Snooker is a non-contact cue sport that was originated among British Army officers stationed in India in the latter half of the 19th century. It is a popular game worldwide, but many people will be wondering, what actually are the rules?
The main objective of snooker is to score more points than the opposing player by potting object balls in the correct order. Snooker is played with fifteen red balls, six object balls of other colours and a cue ball (commonly known as the white ball).
The player who starts the game has the aim of potting one of the red balls on the table. If the striker pots a red ball, he or she must then pot one of the other six “coloured” balls (blue, green, brown, yellow, pink and black). If the player successfully pots a coloured ball, the numeric value of that colour is added to the player’s score, and the ball is returned to its starting position on the table.
The player must continue to do this until they next fail to pot their desired ball, at which point the opponent comes to the table to try and achieve the same feet. The players will then alternate between each other until all of the red balls have been potted, and only the six coloured balls are left on the table. At this point, the colours must be potted in the correct order – from least to most valuable. The numeric value of each ball is as follows:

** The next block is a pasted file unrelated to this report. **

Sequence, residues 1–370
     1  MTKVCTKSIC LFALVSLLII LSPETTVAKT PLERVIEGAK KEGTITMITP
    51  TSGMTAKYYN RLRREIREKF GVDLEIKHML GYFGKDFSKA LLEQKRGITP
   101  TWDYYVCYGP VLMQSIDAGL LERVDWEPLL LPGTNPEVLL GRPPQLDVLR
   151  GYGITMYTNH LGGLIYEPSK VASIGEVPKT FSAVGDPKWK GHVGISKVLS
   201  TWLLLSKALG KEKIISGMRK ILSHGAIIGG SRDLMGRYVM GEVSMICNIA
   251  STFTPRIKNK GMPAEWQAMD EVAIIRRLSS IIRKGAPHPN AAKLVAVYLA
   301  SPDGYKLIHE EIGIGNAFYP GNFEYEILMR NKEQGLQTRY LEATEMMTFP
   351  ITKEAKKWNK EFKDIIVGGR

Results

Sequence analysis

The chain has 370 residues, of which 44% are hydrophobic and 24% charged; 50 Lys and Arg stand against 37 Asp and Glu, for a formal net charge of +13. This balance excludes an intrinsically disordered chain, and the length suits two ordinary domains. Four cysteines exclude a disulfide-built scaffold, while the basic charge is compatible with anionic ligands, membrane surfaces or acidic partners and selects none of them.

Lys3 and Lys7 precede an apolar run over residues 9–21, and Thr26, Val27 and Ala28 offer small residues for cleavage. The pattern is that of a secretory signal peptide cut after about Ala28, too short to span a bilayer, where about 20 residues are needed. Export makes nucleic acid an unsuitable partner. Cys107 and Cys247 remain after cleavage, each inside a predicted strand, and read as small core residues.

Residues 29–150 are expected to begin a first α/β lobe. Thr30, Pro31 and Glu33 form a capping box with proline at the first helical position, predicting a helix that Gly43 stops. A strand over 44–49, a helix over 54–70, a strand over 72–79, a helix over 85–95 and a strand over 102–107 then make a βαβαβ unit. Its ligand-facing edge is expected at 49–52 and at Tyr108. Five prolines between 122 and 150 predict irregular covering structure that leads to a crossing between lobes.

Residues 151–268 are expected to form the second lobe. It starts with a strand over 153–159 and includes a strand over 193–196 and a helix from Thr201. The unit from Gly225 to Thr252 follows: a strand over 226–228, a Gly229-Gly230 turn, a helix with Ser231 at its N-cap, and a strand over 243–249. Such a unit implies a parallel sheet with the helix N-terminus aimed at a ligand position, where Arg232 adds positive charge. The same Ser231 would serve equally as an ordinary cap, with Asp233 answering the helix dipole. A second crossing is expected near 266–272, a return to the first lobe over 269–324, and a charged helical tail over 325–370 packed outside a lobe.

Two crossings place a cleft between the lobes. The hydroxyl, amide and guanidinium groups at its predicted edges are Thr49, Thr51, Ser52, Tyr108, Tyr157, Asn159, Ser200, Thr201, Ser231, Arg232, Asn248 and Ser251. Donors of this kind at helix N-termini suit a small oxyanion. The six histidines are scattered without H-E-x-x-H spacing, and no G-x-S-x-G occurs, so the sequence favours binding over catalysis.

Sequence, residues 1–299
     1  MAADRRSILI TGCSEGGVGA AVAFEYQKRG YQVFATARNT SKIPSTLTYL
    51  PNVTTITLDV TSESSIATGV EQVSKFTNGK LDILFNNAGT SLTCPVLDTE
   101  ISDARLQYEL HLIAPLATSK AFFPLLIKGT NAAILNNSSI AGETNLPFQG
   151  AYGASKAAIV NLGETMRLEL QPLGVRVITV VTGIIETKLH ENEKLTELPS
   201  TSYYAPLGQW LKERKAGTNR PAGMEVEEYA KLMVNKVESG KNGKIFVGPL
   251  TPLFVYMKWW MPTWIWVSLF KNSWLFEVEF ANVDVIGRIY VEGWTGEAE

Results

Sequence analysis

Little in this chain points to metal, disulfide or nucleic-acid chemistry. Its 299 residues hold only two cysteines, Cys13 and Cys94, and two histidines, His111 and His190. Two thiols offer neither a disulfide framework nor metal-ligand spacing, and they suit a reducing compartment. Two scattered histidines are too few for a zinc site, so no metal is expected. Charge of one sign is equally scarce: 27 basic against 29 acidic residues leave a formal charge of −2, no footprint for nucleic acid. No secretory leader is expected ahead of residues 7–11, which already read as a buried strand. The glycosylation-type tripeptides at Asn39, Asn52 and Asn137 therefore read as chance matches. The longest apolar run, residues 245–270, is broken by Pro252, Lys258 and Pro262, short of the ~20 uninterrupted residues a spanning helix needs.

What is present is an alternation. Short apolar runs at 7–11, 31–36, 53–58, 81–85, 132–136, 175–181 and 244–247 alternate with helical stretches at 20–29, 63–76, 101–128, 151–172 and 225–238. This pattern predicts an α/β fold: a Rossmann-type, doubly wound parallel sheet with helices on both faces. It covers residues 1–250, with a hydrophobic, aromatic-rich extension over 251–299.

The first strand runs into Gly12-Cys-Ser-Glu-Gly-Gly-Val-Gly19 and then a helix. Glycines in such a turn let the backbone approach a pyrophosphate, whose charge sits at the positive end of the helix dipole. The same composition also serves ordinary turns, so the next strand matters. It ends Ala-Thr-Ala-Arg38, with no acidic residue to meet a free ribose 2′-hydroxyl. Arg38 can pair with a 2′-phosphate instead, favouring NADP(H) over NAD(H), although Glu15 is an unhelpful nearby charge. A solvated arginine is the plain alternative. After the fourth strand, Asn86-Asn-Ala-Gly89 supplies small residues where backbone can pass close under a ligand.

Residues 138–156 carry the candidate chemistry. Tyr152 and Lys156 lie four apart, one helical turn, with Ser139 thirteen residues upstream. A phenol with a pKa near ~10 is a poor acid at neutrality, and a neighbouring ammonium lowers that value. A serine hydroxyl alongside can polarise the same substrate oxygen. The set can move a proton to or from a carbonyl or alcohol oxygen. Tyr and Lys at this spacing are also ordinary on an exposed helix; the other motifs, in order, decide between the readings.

When the final ball has been potted, the player who has accumulated the most points over the game wins. If the scores are level after the final ball has been potted, the black ball is placed back on its spot as a tiebreaker.
Points can also be awarded to a player if their opponent fouls. A foul can occur for various reasons, with the most common reason being hitting the incorrect ball (e.g. hitting a colour first instead of the intended target of a red), or for potting the cue ball. Points gained from a foul vary from a minimum of four to a maximum of seven if the black ball is involved.
The total number of consecutive points (excluding fouls) that a player amasses during one visit to the table is known as a “break.” The highest possible break is a 155 break, also known as a "super maximum". This is achieved via the opponent leaving a free ball, with the black being potted as the additional colour, and then potting 15 reds and blacks with the colours.
The sport is played with a cue, which is a long, tapered stick usually made of wood, and is used to strike the ball during snooker. The full size snooker table that the game is played has a playing surface of 356.9cm (11 feet 8.5 inches) by 177.8cm (5 feet 10 inches) and has 6 pockets.